The bank is scheduled to sunset after fifteen years. Like most government programs, once created, it will become nearly impossible to kill. AMTRAK, a government-owned corporation formed in 1970, was originally intended to be a short-lived endeavor and end after two years. It seems highly unlikely that an ambitious undertaking such as this bank could ever be phased out. After fifteen years, the size and scope of the bank will certainly grow to a point where it will become an integral part of a new centrally planned economy. Legislators will have no more success shutting down this megabank than they had trying to end Freddie Mac or Fannie Mae.

Most of Congress's infrastructure spending authority will be ceded to the executive branch. The Act establishes a board of six directors nominated by the president. This board will determine what projects will be approved and funded. The concentration of spending authority into fewer hands will undoubtedly have dire consequences in the future. The governing system established by the founders may seem cumbersome to statists, but that was by design. The founders understood that dispersing power amongst the three federal branches of government and giving the largest congressional body spending authority lessened the risk of tyranny. Past experiences with similar arrangements since the New Deal era should serve as a warning flag to all citizens.

The statements "Job creation, including work force development for women and minorities, responsible employment practices, and quality job training opportunities" and "Poverty and inequality reduction through targeted training and employment opportunities for low-income workers" are repeated four times in the Act as factors that "shall" be considered prior to funding projects. Any claim that the corporation's board will remain independent and face little political interference does not pass the laugh test. Political agendas are built right into the proposed legislation and will be used to assess the board's performance. It is well-known that Fannie and Freddie were forced to abide by HUD's social and economic justice agendas and the Community Reinvestment Act's racial quota requirements, so it is implausible to imagine that the NIDB board will not succumb to the political whims of legislators or the president.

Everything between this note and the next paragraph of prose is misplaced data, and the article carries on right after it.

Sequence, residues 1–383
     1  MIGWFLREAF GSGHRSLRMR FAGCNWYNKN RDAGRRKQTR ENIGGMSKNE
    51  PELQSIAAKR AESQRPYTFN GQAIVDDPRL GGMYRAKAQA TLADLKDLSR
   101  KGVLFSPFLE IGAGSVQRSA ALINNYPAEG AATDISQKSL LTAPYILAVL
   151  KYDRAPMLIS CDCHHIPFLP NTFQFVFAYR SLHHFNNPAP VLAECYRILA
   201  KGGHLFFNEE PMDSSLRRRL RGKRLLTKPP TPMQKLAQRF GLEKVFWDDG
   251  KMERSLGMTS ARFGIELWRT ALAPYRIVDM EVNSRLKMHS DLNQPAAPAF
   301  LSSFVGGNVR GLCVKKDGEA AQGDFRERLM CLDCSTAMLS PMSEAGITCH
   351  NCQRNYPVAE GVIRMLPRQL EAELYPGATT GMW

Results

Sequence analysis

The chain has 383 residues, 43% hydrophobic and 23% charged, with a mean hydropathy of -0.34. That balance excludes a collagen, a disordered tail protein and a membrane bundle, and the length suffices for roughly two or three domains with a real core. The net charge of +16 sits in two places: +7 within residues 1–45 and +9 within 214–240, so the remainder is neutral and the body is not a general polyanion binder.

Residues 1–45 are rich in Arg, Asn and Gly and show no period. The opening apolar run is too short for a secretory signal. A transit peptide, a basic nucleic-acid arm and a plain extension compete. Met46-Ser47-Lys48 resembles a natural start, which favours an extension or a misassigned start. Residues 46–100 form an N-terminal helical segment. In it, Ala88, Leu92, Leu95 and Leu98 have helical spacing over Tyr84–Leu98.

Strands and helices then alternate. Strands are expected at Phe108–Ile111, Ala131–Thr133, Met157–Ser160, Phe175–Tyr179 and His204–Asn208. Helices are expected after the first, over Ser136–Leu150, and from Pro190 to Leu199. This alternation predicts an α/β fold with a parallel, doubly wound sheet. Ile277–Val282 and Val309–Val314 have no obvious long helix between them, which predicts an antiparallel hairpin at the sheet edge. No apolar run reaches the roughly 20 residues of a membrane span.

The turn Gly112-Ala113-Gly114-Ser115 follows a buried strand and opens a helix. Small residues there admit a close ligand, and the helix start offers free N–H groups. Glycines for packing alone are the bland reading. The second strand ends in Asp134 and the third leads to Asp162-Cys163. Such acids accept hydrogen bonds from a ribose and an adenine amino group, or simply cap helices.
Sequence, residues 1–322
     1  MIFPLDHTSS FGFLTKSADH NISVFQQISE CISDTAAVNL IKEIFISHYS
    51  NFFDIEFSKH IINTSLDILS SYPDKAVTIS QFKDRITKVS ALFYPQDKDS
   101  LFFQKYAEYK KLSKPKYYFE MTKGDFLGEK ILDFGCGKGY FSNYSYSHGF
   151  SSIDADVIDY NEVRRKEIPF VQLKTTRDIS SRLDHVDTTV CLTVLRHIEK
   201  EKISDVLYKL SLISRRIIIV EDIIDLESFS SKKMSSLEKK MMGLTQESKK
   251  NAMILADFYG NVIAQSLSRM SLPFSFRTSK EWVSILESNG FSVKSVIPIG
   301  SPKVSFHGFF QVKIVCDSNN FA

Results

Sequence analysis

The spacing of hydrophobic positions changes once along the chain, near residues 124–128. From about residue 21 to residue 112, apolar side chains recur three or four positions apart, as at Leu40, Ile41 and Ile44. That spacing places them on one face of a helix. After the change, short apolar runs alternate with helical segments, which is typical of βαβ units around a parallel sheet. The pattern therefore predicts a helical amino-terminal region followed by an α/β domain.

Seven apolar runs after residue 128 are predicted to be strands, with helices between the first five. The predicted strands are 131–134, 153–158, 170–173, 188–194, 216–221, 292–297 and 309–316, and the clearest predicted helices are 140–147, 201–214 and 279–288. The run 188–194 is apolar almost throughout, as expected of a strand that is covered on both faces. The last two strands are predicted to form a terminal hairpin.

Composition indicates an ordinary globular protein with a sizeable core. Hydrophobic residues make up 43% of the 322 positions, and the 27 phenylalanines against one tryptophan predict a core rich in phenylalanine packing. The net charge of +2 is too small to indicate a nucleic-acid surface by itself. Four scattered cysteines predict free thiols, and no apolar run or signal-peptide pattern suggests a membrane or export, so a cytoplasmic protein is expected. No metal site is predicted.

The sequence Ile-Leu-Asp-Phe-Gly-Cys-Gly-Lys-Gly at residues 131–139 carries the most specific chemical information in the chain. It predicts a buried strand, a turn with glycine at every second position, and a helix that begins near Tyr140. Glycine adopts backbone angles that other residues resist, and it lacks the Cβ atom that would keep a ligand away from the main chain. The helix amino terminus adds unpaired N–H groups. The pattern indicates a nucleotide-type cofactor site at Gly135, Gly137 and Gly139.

As expected, oil, gas, and coal investments are completely omitted from the Act. DeLauro is focused solely on expanding "renewable energy, including hydroelectric, solar, and wind" as part of a carbon emissions reduction plan. Unfortunately, most of these energy technologies depend on heavy subsidization and will cause real energy costs to dramatically rise. Environmentalists seem willing to do irreparable damage to the economy in order to implement their anti-fossil fuel programs.

Perhaps the most disturbing aspect of DeLauro's proposal is the deliberate abandonment of free market forces to organically shape infrastructure development. Just thirty years ago, no one could have imagined how computers, the internet, and cell phones would change our lives. It seems rather naïve to assume that a group of central planners would have anticipated the infrastructure needs for the technologies of today. 

Finally, the prospect of another big-government program is disheartening to all those who believe the federal government has grown far beyond its originally intended scope of authority. Fear that the massive growth of the federal government will stifle technological innovation, harm the economy, and limit individual freedom is well-founded. Every society that has relied on central planning has suffered with a stagnant economy, limited mobility, and a low standard of living. Sadly, DeLauro's proposal appears to lead us farther down that path.